Born on the unceded territory of the Anishinaabeg people, Robert Birch played on the shores of the Odenabe River, which in Ojibwa means “river that beats like a heart.”

Birch often identifies with the pronouns he/him.

He launched his first arts-based social education company in 1984 leading summer long youth workshops and trainings in local art organizations, school boards, colleges and universities. It was then he began a 27-year mentor relationship. Annie Stirling, M.A. was a beloved counsellor and Canada’s first Playback Theatre trainer. During this time, Birch co-directed a culturally diverse company of thirteen actors in Toronto, Ontario. Together, they delved into the intersections of personal narrative, performance and social justice. Over the past four decades Birch has been privileged to not only participate in thousands of hours of community ceremony and educational circles but to directly support many people in their life-defining.

For over thirty-five years Birch has practiced the sacred arts –first as a performer and director, then as a culturally-informed facilitator and storyteller working alongside such diverse groups as the Tillicum Haus Indigenous counsellor training program; O.U.R Ecovillage; with LGBTQ* and HIV organizations; sex workers, incarcerated men and many other arts informed community practitioners. These collaborative projects were devised to strengthen foundations of mutual safety, trust and accountability while critiquing inequitable social structures and striving towards more egalitarian political representation.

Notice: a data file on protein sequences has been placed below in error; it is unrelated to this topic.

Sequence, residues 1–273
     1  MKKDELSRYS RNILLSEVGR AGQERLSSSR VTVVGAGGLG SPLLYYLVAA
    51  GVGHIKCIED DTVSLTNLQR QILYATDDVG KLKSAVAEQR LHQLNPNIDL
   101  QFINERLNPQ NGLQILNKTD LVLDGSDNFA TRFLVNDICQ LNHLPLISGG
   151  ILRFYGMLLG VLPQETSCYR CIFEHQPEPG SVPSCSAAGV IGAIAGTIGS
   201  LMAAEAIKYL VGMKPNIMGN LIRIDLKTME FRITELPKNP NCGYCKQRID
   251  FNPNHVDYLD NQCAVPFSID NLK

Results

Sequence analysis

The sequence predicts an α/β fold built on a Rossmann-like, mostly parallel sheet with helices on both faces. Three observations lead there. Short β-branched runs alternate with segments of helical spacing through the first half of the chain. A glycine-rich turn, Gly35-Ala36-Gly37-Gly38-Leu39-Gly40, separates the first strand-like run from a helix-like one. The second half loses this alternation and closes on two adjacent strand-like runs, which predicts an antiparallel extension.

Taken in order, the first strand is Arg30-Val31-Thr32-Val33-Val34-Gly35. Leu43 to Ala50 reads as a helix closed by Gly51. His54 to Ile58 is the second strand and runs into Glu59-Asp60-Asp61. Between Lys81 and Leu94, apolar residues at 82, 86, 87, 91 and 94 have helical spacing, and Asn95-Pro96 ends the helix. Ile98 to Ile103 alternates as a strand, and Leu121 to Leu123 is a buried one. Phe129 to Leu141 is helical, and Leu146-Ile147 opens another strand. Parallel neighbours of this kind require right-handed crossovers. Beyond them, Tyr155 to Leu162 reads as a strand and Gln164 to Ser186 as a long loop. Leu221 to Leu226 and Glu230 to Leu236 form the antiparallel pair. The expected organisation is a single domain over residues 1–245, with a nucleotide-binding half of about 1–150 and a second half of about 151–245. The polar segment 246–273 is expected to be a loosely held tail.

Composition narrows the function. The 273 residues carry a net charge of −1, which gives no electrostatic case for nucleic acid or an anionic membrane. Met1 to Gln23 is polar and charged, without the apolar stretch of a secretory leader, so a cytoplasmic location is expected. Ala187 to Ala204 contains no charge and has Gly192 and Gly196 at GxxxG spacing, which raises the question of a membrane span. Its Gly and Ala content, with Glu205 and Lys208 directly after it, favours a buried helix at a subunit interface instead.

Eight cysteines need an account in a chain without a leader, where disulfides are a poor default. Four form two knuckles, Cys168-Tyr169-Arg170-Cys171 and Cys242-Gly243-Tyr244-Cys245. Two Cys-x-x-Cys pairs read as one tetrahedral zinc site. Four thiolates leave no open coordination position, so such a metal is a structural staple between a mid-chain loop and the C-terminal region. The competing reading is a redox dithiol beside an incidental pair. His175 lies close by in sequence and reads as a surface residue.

During several forays into graduate level scholarship, Birch investigated the inter-disciplinarity of applied theatre, mythology, interfaith chaplaincy, educational psychology and the healing efficacy of non-denominational ritual. From 2013-17, having won a coveted 5-year Canadian Institute of Health Research scholarship, his doctoral research explored the social determinants of gay/queer/trans male health while applying the evolutionary theory of Positive Deviance to group erotic events.



As chair of the board for Vancouver Island Persons with AIDS society, Birch currently supports peer-run navigation processes for community health & wellness and volunteers in neighbourhood food security projects.


His work as a counsellor and psychic healer began in his mid-twenties studying with Chien Lung master, choreographer and dance impresario Constantine Darling. Over the last twenty years, Birch has been practicing ritual magic with other feminist queer cultural change agents and fellow community lovers in both the Reclaiming and Radical Faerie counter-culture traditions. He is one of several facilitators of the international Radical Faerie Sex Magic weeklong workshop created by Rad Fae elder Harry Hay, considered one of the early advocates of the LGBTQ* movement as co-founder of the Mattachine Society.